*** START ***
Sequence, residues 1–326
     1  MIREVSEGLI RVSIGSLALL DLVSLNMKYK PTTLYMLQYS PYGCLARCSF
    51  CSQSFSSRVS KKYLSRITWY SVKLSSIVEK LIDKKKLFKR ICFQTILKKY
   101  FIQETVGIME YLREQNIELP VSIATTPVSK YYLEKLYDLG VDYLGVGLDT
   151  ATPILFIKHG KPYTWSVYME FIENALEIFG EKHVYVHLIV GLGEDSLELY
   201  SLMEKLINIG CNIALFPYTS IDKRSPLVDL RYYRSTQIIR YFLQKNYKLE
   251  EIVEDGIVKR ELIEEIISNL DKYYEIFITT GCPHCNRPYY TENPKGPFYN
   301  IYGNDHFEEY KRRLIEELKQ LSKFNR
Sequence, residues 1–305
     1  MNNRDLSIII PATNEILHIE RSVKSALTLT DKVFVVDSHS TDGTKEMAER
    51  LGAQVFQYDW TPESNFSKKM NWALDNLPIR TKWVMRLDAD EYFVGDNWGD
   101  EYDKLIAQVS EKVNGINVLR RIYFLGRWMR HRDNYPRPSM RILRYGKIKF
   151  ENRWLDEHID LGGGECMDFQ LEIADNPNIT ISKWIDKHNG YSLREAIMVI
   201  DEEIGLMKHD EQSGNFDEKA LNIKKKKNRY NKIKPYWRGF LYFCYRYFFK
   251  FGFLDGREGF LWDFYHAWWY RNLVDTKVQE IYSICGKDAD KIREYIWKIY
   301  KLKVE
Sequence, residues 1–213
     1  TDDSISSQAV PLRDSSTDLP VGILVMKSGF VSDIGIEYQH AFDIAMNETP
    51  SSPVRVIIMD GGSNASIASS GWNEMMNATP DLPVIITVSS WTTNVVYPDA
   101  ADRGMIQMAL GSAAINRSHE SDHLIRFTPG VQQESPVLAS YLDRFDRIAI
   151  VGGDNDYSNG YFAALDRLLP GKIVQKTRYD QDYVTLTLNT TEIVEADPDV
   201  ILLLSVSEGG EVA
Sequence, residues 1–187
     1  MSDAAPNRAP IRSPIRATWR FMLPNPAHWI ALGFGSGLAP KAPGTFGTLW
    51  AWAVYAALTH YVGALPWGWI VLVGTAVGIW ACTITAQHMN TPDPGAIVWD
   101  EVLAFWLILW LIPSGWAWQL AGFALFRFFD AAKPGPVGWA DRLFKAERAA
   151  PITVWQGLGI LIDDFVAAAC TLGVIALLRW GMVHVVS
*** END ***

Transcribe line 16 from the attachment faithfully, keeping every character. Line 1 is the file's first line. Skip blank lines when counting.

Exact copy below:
   301  KLKVE